Jewers Doors have installed two ‘thresholdless’ versions of their Kingfisher sliding door system in Boathouse 4 at Portsmouth’s Historic Dockyard. The doors were purpose designed to ensure trip-free access between workshops and formed part of a £3.5 million restoration programme recently completed by Interserve.
Boathouse 4 was originally built during WWII and was one of only two locations where specialist assault and infantry landing craft were manufactured in preparation for the D-Day landings. The restored building is now home to the International Boatbuilding Training College (IBTC) and a fully functional Boatbuilding Skills Training Centre, where traditional boatbuilding and related skills required to conserve wooden boats are taught.
Kirsten Holland of Walters and Cohen Architects commented:
“Boathouse 4 is an important historic building and we felt the aesthetics of straight sliding doors between the workshops would be more sympathetic to the design and help maintain the classic industrial feel to the structure. As this will be a very active centre building and restoring large boats, it was important that once the doors were slid back, there would be no obstruction to the movement of large, heavy boats or materials. We approached Jewers Doors who were very helpful and were prepared to put in the time to design a customised door that fully met the demanding specification of this unusual building.”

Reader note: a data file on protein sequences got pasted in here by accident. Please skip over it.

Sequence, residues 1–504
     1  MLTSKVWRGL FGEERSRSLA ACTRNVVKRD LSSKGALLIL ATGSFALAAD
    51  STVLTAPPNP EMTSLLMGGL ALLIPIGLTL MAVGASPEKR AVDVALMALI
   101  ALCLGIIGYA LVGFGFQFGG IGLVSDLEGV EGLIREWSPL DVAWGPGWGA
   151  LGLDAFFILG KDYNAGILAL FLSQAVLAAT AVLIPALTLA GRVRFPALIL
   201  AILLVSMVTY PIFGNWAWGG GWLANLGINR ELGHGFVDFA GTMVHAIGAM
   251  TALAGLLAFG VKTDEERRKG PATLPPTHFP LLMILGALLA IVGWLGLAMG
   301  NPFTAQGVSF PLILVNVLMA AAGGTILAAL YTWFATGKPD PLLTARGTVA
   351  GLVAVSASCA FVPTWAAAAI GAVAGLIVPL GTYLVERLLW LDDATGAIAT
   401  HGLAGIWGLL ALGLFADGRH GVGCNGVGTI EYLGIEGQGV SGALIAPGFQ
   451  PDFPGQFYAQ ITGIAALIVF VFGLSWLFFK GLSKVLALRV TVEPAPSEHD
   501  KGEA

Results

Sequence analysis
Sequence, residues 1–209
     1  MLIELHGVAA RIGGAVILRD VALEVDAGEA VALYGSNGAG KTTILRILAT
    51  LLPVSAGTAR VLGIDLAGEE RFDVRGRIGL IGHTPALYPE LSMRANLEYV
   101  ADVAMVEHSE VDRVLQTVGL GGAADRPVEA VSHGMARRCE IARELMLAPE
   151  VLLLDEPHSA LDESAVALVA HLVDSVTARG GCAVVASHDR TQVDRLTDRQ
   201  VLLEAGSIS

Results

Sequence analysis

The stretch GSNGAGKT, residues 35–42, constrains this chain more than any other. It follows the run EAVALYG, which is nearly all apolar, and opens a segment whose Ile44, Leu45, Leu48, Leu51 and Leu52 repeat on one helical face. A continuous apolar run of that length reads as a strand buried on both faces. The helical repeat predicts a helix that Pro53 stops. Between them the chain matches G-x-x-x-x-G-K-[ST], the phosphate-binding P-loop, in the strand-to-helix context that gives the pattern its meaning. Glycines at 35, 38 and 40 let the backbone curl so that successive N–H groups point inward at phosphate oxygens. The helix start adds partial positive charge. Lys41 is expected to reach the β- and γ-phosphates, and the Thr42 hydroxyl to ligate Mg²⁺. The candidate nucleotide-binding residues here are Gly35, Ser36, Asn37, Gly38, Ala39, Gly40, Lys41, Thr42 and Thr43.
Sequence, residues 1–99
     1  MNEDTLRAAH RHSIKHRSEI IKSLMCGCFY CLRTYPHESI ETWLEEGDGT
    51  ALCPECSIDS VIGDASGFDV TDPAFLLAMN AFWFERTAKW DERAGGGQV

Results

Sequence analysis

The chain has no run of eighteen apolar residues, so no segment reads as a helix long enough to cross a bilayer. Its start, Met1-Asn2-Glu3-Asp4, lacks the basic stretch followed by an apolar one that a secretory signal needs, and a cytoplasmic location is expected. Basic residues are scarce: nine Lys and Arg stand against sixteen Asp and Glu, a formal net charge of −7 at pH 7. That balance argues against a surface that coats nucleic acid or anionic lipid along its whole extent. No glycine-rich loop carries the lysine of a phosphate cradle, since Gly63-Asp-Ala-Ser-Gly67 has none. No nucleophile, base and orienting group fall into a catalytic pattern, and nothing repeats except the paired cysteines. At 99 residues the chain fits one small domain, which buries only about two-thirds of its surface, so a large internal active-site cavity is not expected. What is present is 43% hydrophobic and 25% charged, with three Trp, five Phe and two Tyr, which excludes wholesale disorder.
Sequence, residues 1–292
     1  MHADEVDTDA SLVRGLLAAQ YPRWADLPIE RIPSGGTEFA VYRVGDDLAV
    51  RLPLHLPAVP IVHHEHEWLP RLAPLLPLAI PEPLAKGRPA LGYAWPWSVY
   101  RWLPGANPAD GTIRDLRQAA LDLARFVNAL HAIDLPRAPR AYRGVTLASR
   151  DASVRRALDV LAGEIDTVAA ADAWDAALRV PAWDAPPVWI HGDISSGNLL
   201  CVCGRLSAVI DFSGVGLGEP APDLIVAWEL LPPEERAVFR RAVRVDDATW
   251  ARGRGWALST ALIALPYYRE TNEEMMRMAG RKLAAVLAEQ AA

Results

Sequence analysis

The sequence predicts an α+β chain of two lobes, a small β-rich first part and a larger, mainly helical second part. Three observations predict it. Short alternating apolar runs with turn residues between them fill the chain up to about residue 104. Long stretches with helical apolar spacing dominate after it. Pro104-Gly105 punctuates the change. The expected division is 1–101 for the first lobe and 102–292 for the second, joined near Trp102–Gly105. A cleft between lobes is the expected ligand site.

Each Kingfisher straight-sliding doors is in a single, top-hung leaf, hanging from Jewers own pendant hanger and top track system, but instead of incorporating bottom tracks within the floor, surface mounted torpedo guides are used to stabilise the doors. These are situated behind the adjoining walls to ensure unrestricted access between the workshops. An integral wicket door allows staff and students access between the workshops when the main sliding door is closed, and this has also been designed without a bottom threshold to eliminate any trip hazard.
|No bottom threshold to eliminate any trip hazard|
Mark Jewers, Director of Jewers Doors added:
“Thresholdless doors are not a new development, however, the integration of a thresholdless wicket door is a recent innovation for our Kingfisher and Osprey doors, and we are confident that they will prove popular in any environment requiring large industrial doors and unobstructed pedestrian access without having to open the main door. Wicket doors can be fitted with simple lever furniture or panic bars for emergency escape situations.”
The Kingfisher door is one of a trio of insulated sliding and folding door products available from the Phoenix range of doors from Jewers Doors. All doors can be customised to suit a clients individual needs with options such as solid insulated panels, partial or full-glazing, wicket doors, full height pass doors, electric or manual operation and a multitude of finish options.
For more information visit www.jewersdoors.co.uk .
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